The first image portrays the Earth’s carbon cycle in the absence of life and the biosphere. Atmospheric carbon levels are quite high, lacking the feedbacks that a living biosphere provides.
In the geological carbon cycle, carbon moves between rocks and minerals, seawater, and the atmosphere. Carbon dioxide in the atmosphere reacts with some minerals to form the mineral calcium carbonate (limestone). This mineral is then dissolved by rainwater and carried to the oceans. Once there, it can precipitate out of the ocean water, forming layers of sediment on the sea floor. As the Earth’s plates move, through the processes of plate tectonics, these sediments are subducted underneath the continents. Under the great heat and pressure far below the Earth’s surface, the limestone melts and reacts with other minerals, releasing carbon dioxide. The carbon dioxide is then re-emitted into the atmosphere through volcanic eruptions. (Illustration by Robert Simmon, NASA GSFC)
The balance between weathering, subduction, and volcanism controls atmospheric carbon dioxide concentrations over time periods of hundreds of millions of years. The oldest geologic sediments suggest that, before life evolved, the concentration of atmospheric carbon dioxide may have been one-hundred times that of the present… Source
The next image looks at the much richer carbon cycle that includes many of the contributions of the biospheres of land and sea. We are just beginning to quantify the movement of carbon between the various biospheric compartments, the oceans, the lithosphere, and the atmosphere. At least a third of human-generated CO2 ends up sequestered by either the biosphere of land and sea, or by going into solution in the oceans.
Local land biosphere carbon sequestration may involve incorporation into growing plants such as trees, or incorporating into micro-organisms, fungi, and animals in the soil.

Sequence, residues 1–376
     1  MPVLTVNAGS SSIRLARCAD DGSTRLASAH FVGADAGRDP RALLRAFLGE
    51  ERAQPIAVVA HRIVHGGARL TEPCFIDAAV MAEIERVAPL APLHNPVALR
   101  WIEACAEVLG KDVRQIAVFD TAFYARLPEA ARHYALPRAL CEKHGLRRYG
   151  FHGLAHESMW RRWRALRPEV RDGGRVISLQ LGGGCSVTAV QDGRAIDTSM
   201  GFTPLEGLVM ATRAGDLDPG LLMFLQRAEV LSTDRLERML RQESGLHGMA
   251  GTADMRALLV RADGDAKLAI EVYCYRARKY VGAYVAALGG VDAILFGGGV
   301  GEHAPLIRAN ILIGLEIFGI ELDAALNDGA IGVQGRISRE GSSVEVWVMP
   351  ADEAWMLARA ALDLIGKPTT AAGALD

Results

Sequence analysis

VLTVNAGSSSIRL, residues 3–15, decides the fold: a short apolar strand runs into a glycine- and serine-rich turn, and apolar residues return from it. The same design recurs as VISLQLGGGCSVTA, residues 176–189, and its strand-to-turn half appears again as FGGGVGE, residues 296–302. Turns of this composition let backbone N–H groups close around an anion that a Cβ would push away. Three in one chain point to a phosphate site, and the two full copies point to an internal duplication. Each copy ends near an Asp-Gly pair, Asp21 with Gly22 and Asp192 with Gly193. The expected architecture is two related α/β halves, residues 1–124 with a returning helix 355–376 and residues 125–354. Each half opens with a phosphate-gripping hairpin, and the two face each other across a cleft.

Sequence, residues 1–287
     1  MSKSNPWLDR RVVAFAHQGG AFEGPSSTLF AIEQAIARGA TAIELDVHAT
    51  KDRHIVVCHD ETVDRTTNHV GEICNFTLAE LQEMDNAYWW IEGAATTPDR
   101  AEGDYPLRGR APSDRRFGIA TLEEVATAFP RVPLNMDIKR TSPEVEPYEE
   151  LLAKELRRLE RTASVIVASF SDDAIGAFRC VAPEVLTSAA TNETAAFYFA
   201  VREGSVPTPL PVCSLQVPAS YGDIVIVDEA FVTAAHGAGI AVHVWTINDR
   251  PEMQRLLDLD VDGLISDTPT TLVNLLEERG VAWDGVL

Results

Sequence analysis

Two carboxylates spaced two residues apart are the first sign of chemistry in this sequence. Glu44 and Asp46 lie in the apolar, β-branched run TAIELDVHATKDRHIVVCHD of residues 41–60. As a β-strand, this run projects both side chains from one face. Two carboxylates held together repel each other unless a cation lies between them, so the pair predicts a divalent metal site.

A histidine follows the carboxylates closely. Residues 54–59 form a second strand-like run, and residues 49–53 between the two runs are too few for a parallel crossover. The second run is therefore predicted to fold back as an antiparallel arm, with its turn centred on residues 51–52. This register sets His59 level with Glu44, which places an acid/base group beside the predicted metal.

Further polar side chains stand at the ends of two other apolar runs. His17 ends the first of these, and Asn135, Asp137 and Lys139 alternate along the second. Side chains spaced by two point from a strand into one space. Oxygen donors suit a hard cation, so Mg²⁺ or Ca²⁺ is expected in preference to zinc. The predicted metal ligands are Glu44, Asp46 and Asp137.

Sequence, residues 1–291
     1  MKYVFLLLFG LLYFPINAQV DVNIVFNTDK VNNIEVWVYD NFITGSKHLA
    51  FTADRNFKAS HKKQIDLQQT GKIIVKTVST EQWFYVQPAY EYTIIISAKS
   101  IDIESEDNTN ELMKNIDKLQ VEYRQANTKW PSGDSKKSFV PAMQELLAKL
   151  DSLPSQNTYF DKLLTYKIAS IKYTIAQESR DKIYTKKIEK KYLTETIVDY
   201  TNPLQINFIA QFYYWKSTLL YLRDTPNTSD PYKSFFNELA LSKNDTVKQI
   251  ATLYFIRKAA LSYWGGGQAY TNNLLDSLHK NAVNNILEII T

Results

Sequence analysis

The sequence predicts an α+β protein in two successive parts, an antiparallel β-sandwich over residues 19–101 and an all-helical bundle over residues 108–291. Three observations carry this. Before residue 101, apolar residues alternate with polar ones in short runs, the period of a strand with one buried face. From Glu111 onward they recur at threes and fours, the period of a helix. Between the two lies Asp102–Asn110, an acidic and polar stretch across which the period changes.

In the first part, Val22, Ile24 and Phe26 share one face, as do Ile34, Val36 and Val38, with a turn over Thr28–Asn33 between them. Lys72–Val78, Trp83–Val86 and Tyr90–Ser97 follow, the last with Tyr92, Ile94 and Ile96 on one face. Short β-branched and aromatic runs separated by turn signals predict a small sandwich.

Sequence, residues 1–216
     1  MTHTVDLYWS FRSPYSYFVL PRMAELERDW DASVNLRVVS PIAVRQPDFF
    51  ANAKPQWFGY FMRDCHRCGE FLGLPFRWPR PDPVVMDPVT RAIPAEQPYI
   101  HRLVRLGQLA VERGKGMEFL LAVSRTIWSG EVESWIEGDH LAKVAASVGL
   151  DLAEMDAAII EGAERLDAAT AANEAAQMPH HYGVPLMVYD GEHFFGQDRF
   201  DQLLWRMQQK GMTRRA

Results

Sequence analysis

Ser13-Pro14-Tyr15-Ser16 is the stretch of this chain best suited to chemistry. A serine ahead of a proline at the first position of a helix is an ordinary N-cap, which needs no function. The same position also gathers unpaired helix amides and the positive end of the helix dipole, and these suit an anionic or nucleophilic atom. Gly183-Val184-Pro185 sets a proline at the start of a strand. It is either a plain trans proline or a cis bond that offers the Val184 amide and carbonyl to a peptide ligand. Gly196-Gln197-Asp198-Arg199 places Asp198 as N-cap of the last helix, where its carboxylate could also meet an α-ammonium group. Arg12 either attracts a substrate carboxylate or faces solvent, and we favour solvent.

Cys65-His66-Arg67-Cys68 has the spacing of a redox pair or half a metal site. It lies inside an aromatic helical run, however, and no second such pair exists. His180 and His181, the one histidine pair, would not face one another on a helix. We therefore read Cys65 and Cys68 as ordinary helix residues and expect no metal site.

This graphic looks at global turnover of carbon from various compartments. As you can see, human contributions to atmospheric carbon are quite low compared to natural contributions. As long as the biosphere is allowed to grow, it is capable of sequestering the larger part of human emissions of CO2.
This image looks at the photosynthetic activity of the Earth seen from space, during the time period of 18-25 Dec, 2000. Observe that the northern hemisphere displays very low photosynthetic activity compared to the southern hemisphere, at that time of year. You would expect to see a mirror image of photosynthesis north to south when viewing the time period of 18-25 June.
CO2 concentration in the atmosphere is roughly 380 parts per million, or 0.000380 of the atmosphere, or 0.038 per cent of the atmosphere. Since modern measurements of CO2 have begun, CO2 concentrations have steadily increased–although the rate of increase may have temporarily slowed, as measured at Mauna Loa.
These images are meant as a preliminary to a future more detailed look at the carbon cycle, and possible biological feedbacks in the carbon cycle. Significant sequestering of CO2 can be carried out through a number of human interventions, including biochar agriculture, wiser forestry practises, and other ways of making carbon work for us as the valuable resource that it is.